I-94 shutdown causes only minor headachesby Jessica Mador, Minnesota Public Radio
There were a few reports of traffic jams over the weekend, but overall, Department of Transportation officials say drivers took a shutdown of a section of I-94 in stride.
Minneapolis — MnDOT had briefly considered postponing the shutdown of 94 because of rain, but the project went forward as planned. Crews worked overnight and through the weekend adding lanes to the three-mile stretch between Highway 280 and I-35W.
They ground off the surface of highway in order to repave and repaint lane markings. The new lanes are meant to relieve some of the congestion caused by this month's 35W bridge collapse.
For Peter Martin of Apple Valley, word of the 94 expansion is welcome news. He runs Lakeville Motor Express in Roseville, a trucking company that makes pickups and deliveries throughout the metro area. The post-bridge collapse traffic has been a big headache for the company.
It's also been a financial strain.
"It has been extremely detrimental. It has added more time spent by our drivers and all of the circuitous routes we now have to take, additional consumption of fuel, labor costs, man hours, delays in delivery and pickup of merchandise into and out of all the businesses that have been affected," says Martin.
He estimates that time lost because of traffic will cost him $270,000 this year. He says the company has already been forced to hire more drivers to help make up for lost time.
He says the most important thing is to rebuild the 35W bridge as soon as possible. But in the meantime, the highway expansion will help a little.
Officials say it was crucial to complete the 94 expansion before the start of the State Fair on Thursday and the start of classes at the University of Minnesota. That and the Labor Day weekend usually bring more cars to the road.
Popular crosstown streets like Franklin Avenue in Minneapolis and University Avenue in St. Paul had heavy traffic in spots, but seemed to be moving well. This despite the additional traffic that would normally use 94 instead.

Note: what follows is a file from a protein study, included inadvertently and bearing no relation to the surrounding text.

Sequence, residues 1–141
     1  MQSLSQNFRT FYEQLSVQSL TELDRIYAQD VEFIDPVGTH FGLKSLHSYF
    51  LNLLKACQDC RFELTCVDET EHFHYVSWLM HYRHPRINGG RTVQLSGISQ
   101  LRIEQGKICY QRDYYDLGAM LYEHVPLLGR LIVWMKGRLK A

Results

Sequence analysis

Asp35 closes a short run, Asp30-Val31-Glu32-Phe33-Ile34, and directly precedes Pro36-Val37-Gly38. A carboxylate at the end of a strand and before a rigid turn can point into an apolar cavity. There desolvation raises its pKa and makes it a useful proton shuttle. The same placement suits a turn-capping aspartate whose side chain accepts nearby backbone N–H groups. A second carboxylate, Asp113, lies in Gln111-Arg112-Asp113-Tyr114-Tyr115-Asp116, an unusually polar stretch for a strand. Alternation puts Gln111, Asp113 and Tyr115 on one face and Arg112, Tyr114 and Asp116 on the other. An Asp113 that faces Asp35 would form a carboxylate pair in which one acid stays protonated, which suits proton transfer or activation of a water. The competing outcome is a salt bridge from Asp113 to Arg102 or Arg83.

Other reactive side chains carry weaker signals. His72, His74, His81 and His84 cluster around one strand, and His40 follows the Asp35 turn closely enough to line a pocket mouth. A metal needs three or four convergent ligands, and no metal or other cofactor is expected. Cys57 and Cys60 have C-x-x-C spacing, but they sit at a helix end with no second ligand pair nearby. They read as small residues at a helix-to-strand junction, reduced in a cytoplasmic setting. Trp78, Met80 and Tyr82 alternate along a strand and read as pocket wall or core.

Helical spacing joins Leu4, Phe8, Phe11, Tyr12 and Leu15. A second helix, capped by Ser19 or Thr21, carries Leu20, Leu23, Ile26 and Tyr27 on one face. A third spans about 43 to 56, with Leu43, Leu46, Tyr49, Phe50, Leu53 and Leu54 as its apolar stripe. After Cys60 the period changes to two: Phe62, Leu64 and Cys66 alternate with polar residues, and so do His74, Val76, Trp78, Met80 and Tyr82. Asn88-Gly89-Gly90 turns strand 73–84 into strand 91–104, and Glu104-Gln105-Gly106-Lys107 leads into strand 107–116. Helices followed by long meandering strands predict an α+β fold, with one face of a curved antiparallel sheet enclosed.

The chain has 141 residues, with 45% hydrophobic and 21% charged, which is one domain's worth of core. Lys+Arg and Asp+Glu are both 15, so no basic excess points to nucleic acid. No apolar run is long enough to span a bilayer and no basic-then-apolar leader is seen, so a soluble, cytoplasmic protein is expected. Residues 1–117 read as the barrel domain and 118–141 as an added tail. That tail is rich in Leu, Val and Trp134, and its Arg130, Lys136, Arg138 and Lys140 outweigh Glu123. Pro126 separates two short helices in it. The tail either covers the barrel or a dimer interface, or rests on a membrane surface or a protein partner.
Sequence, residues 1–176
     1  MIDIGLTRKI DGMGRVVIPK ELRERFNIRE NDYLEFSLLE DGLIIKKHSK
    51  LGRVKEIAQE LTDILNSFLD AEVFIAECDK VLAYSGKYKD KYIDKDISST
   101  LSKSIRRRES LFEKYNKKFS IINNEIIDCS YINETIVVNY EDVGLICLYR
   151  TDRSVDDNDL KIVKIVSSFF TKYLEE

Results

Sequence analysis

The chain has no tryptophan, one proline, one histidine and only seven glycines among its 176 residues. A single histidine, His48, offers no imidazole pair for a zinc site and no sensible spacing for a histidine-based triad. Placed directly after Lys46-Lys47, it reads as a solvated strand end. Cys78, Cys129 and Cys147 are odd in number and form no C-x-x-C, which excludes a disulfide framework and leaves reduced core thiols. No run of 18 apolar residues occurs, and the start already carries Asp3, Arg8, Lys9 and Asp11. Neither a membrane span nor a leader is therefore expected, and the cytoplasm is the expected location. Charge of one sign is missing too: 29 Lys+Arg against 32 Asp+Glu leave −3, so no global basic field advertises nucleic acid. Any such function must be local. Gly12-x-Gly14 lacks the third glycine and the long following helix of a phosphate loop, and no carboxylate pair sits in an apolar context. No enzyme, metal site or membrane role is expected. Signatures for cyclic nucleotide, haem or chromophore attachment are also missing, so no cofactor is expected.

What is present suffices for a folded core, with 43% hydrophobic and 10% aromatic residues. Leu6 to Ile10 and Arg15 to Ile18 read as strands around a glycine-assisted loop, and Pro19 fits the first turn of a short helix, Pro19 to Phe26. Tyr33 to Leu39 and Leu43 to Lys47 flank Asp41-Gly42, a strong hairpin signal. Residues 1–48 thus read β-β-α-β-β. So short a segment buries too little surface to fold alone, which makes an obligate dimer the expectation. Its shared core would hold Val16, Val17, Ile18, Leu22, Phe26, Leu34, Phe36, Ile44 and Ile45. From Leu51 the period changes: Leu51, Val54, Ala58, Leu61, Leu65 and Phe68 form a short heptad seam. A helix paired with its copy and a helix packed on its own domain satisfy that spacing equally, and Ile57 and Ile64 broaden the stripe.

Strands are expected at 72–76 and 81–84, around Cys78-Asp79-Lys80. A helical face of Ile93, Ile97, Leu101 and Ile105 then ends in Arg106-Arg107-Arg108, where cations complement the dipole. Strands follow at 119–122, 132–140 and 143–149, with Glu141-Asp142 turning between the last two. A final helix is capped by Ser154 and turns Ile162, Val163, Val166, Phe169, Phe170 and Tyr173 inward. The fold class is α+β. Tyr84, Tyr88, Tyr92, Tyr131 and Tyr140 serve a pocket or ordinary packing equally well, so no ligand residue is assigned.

Sidestreets were busy and some residents reported seeing traffic jams, as confused drivers confronted closed highway on-ramps.
Lance Gudmundson works at a motorcycle shop near the intersection of Franklin and Cedar, across the street from the entrance to 94-East. Gudmundson says he gave out directions to many frustrated drivers for most of the early part of Saturday.
"It's heavier and people are confused on where to go," he said. "People don't know where they're going to find where they've got to get to with the closure. Right here on Franklin and Cedar has been terrible. I'm directing everybody down Cedar Avenue here for 94 and it's been a lot of backup."
But by evening, the rain was steady and traffic seemed lighter on city streets.
Phillips neighborhood resident Ed Burke was preparing to drive across the country to Vermont. As he filled up his car with gas, he says the shutdown of 94 was complicating his weekend plans.
"I'm heading back to Vermont and normally I would hop right on 94 and take it clear out of town," he said. "So I'll be taking Lake Street over to probably to Cleveland in St. Paul and getting on the interstate."
Burke says the added time will be inconvenient, but he was prepared for the closure. He was planning to hit the road extra early Sunday morning to beat city traffic.
Department of Transportation officials reported no big problems or delays overall along the detour route.
Spokesperson Beth Petrowske says she is happy with how drivers handled the 94 closure. She says the rain probably helped keep traffic down by keeping more people off the streets.
"Maybe the rainy weather has something to do with it, maybe people are just staying home; I'm not sure. But everything has been moving really good on the system."
An additional lane on 94 in both directions will make room for about 2,000 more cars an hour on 94. The lanes will remain in place until after the new 35W bridge is built.
- Morning Edition, 08/20/2007, 7:50 a.m.